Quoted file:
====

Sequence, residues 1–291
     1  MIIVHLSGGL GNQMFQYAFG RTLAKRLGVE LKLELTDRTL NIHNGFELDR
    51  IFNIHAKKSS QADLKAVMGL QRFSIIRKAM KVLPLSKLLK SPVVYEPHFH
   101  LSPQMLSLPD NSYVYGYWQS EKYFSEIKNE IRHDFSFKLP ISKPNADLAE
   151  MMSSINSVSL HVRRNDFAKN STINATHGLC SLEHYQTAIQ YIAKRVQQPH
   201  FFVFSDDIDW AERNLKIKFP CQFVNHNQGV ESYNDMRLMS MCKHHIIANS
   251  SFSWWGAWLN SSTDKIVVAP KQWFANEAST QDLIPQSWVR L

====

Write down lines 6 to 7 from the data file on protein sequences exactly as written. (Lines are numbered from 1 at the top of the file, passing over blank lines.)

   201  FFVFSDDIDW AERNLKIKFP CQFVNHNQGV ESYNDMRLMS MCKHHIIANS
   251  SFSWWGAWLN SSTDKIVVAP KQWFANEAST QDLIPQSWVR L